After touring the boat while my heart thrummed with its devotion to being on this ship—the Coaster II—I sat down near the wooden steering wheel and compass, to wait for Niko. When he made his way over, he summoned the two young chaps that were his crew to come have a look at my ship tattoo. This must’ve convinced everyone aboard that perhaps I belonged there. Then Niko told me we were going to go on a quick sail to do a pump out. I had no idea what this entailed, but the mere mention of moving out into open waters had me so twitterpated that I forgot to ask what exactly a pump out was.

I held my legs down to stop them from jumping and running around in unrestrained delight. My ship tattoo may have convinced these men that I was legit, but running around squealing over the prospect of setting sail would have been most uncouth.

When we set sail, Niko looked over and said I could start asking questions. I pulled out my notebook and began. Niko told me about how he’d been sailing for a long, long time; about how he did wilderness guiding, backpacking trips and built boats for a living before his sons (one of which was among us on the crew—21-year old Thanos who looked like he’d been born at sea) had expressed interest in a family business involving a large boat such as the one we were on. So Niko and his family began to look into purchasing such a ship.

Niko maintained that they needed a fixer upper and after finding the Coaster II, he and his son sailed it back from Maine where the Economides family then spent two years restoring the ship.

While Niko sailed and spoke, I noted that he, like his son, looked as if he were born at sea too. His full beard, sheath at his hip and natural ease while steering the ship bespoke of someone with the confident air of a true sailor.

When I asked Niko about different trips people could take aboard his ship, he rattled off a list of islands in Lake Superior and various day trips ranging from 2-8 hour sails. When he mentioned Granite Island and I asked where that was, he responded,

“About 14 miles due North.”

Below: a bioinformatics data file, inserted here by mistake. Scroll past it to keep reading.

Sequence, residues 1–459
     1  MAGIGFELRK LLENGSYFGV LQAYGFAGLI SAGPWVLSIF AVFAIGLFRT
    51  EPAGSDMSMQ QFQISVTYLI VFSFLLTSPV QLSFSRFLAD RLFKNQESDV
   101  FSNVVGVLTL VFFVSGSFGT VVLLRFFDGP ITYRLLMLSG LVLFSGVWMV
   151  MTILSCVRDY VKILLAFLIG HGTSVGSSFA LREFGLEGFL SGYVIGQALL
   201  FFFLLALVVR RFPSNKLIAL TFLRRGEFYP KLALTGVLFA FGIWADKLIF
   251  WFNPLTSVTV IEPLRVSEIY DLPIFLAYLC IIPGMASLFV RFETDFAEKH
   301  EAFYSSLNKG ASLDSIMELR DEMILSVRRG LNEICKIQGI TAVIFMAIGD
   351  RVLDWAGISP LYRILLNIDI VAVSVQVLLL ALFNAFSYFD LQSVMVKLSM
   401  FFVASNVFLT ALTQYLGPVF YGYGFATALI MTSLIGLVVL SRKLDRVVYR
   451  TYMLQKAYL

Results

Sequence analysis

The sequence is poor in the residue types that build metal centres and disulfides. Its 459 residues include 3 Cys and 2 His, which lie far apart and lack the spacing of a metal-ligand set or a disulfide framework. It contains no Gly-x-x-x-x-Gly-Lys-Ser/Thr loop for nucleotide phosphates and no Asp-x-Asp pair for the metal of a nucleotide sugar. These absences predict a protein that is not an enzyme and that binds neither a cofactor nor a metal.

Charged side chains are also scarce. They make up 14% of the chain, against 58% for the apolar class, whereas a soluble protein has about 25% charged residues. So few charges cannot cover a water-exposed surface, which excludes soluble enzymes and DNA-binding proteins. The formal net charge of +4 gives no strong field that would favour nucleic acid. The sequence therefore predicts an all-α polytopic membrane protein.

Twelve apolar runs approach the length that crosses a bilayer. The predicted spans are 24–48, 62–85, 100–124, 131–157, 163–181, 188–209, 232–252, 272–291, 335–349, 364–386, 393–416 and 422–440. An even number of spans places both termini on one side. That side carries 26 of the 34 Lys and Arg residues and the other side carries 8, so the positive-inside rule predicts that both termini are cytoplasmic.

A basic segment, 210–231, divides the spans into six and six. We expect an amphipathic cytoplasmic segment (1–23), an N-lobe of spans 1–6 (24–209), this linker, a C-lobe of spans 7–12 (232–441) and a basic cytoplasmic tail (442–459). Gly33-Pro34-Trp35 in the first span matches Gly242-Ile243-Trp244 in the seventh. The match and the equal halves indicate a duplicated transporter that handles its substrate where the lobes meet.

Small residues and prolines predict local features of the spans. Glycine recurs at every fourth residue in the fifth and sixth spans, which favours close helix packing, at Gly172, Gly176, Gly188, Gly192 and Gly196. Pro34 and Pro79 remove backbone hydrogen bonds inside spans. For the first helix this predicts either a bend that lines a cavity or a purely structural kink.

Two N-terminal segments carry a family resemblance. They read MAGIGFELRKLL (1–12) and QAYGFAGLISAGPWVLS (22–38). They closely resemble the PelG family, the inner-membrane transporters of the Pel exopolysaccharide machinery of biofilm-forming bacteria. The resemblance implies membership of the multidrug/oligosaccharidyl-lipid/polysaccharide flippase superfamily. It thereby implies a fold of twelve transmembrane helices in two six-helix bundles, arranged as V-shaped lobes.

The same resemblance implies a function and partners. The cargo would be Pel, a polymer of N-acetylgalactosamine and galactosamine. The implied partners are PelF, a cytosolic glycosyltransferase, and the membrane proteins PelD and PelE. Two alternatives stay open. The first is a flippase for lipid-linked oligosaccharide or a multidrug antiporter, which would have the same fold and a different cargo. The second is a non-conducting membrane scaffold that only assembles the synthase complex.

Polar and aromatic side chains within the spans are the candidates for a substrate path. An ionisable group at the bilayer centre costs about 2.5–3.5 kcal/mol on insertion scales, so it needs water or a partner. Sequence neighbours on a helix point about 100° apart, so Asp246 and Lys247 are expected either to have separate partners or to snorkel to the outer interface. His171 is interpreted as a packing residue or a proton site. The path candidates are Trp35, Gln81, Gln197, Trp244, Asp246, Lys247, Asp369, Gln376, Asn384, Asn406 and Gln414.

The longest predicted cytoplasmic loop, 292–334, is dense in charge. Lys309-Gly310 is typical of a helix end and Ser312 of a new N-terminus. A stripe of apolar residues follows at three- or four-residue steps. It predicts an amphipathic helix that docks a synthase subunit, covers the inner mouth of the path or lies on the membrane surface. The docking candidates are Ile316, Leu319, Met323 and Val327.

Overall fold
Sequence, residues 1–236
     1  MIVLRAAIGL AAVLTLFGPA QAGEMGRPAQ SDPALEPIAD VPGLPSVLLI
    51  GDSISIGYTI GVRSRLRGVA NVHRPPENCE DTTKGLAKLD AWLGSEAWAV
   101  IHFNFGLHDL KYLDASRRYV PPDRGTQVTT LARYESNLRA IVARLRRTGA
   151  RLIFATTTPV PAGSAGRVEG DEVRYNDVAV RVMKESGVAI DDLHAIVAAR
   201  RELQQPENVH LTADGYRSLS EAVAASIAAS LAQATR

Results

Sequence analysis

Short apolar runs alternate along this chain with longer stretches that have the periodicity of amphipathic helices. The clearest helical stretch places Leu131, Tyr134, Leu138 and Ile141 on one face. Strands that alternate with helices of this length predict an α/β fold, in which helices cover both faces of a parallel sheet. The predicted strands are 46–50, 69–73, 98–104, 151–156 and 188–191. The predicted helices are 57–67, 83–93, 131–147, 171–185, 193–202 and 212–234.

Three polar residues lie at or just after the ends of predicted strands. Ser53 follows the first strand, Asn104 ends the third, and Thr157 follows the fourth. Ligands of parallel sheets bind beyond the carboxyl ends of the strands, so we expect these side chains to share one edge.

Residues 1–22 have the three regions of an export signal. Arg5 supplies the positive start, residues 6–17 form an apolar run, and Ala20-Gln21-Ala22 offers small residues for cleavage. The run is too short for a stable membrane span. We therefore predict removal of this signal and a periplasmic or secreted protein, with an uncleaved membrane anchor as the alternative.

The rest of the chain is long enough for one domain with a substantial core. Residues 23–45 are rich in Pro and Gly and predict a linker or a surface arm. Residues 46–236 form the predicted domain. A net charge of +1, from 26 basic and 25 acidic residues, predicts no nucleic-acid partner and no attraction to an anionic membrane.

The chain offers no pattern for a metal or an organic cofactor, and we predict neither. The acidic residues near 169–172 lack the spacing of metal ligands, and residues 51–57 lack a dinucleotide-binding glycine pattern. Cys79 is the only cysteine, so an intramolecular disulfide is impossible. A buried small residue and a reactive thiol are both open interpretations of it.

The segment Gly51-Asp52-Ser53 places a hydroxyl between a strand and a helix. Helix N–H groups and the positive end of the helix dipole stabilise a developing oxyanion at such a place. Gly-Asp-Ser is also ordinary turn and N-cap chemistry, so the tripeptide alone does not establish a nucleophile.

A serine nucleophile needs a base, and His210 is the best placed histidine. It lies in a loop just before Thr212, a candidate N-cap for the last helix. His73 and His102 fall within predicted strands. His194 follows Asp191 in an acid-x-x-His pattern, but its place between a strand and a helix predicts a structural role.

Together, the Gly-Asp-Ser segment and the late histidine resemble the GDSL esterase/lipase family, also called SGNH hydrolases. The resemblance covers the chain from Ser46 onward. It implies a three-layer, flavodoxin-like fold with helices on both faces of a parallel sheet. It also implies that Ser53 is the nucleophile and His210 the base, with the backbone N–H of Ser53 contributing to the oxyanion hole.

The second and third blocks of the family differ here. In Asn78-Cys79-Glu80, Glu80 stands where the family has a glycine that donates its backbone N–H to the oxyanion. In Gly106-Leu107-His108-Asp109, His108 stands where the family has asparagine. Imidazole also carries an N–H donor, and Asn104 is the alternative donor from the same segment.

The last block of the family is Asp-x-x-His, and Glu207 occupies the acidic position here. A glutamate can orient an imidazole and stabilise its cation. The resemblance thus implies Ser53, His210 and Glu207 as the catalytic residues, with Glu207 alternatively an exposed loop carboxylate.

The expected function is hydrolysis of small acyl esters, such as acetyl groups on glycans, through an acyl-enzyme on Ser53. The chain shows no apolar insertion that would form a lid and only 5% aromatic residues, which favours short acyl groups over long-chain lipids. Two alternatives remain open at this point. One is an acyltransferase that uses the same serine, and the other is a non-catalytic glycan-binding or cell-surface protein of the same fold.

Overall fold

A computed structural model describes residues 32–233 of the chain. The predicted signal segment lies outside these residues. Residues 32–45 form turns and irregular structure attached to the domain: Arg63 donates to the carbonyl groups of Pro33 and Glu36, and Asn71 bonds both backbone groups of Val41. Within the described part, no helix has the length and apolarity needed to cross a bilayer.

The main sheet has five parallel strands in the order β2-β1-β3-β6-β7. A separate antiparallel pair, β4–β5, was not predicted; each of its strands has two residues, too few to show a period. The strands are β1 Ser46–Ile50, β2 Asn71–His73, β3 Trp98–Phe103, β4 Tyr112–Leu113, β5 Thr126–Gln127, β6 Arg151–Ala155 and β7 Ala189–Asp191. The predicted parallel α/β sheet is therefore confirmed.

I asked what exactly due North meant, but loved hearing it intensely as it was clearly sea speak.

“Like to Canada,” he responded.

Once on the subject of direction, Niko began talk of navigation and ancient sea kings telling me that riddles were used for sailors to remember where the stars would rise if they were at different places in the world at different times.

“The sun’s important,” he noted, “but the stars will tell you more.”

He asked me my astrological sign and I told him Gemini. Niko informed me that Gemini was the sign of the navigator and I sat rapt, thinking, it all makes sense now. I am a navigator. It’s in the stars. Then he told me it really is in the stars, telling me about the twins, which represent Gemini.

According to mythencyclopedia.com in Greek and Roman Mythology Castor and Pollux were twin brothers. When Castor died, Pollux asked Zeus to let him share his own immortality with his twin to keep them together and they were transformed into the constellation Gemini. The pair were regarded as the patrons of sailors and were also associated with horsemanship (fancy that—horses—only my other favorite thing in life). Earthsky.org said that “in China they were associated with Yin and Yang, the contrasts and complements of life.”

Niko told me that Marquette was built upon its shipping history: schooners, sailing vessels, birchbark canoes.

“There was more happening here before there were any roads,” he said. “I’m not a big fan of roads.”